I became active in the women’s movement. I was an artist and with other women we set-up the first all-women’s art gallery in Canada, Powerhouse Gallery, a gallery that is still operational today as La Centrale. We did this because we recognized that women’s art, like women’s music, did not get as much attention as men’s art. So we did something about it. Women's issues became central to my life and, because of this long-standing commitment, I started teaching Women's Studies at Queen's in the late 1990s.

Back in the sixties, I did not know I was becoming a "feminist." In fact, I didn't know what a "feminist" was. I suppose, if I really tried to visualize the word "feminist" then, I thought of angry women. This was not an accurate picture.  However, I saw injustice everywhere and especially directed toward women, and so I continued my journey in the women's movement despite my doubts. When I attended Queen’s University as a graduate student in the 1990s, I saw women, people who were not white, people with disabilities, gays, and lesbians marginalized and silenced. I could not turn away from the opportunity to work toward breaking the silence. I have never regretted my choice.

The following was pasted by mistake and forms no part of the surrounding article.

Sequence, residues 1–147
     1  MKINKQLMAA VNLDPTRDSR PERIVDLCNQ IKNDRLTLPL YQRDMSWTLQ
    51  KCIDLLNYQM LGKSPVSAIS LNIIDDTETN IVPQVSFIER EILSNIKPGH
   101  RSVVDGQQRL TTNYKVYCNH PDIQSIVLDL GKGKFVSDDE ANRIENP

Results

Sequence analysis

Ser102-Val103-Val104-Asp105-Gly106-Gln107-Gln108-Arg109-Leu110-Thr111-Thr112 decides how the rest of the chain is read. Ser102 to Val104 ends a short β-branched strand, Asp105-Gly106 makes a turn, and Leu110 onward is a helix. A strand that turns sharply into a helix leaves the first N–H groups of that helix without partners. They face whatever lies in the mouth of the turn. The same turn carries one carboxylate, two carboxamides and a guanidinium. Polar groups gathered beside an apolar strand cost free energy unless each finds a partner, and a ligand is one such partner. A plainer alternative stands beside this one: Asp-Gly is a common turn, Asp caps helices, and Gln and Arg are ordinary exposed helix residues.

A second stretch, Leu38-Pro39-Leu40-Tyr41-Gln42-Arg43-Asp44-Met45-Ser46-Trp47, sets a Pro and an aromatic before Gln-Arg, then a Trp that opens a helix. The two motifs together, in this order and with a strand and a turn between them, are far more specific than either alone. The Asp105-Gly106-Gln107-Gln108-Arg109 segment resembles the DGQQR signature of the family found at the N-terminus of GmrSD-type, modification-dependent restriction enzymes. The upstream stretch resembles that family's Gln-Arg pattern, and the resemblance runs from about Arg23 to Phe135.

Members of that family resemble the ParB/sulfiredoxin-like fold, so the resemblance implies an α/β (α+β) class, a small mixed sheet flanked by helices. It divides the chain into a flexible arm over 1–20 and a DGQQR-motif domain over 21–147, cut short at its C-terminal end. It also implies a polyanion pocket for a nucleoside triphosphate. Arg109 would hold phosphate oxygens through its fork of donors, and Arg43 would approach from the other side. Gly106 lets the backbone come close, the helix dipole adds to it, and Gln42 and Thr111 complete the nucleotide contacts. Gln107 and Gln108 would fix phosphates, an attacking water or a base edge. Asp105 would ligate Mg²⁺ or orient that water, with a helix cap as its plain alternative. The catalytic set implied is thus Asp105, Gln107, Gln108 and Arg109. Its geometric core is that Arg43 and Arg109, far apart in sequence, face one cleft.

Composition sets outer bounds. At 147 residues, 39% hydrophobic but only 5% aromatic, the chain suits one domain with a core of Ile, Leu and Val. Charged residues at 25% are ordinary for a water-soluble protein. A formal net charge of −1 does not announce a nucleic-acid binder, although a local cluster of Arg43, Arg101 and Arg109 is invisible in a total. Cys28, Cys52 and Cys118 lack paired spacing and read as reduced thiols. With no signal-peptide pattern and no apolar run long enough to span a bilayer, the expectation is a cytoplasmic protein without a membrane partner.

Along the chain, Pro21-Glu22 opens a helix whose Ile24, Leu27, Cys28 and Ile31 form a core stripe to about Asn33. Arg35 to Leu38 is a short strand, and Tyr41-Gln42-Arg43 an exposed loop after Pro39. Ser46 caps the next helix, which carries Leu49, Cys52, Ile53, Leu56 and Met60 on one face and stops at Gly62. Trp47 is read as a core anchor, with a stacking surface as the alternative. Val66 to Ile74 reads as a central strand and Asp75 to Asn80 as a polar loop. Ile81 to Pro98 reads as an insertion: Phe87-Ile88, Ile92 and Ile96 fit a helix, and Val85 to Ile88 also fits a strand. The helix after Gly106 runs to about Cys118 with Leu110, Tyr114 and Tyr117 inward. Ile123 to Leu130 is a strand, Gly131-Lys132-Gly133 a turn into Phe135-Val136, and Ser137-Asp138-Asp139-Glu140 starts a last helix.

My life, and the lives of many men and women, have been and continue to be positively transformed because of encounters with feminist thought, the women's movement and women's studies.

Gender Studies takes a bigger step.

I feel certain you stand a good chance of changing your thinking, and possibly your life, as a result of your study of gender issues.  I know many students' lives have been transformed because of their connection with the emancipatory study of gender and the interplay of gendered power relations.

Warm wishes for a brilliant and satisfying learning journey.

Jill Sherrill Smith

PS I am available by e-mail for any questions you may have or through pre-arranged online appointments.

Warm wishes for a brilliant learning journey.

Jill Sherrill Smith
Email: js26@queensu.ca

Time Commitment

To complete the readings, assignments, and course activities, students can expect to spend, on average, about 10 - 12 hours per week on the course.

Course Resources

About SOLUS

SOLUS is Queen’s Student On-Line University System. You’ll have access to a SOLUS account once you become a Queen’s student. You’ll use SOLUS to register for courses, add and drop courses, update your contact information, view financial and academic information, and pay your tuition.

About MOODLE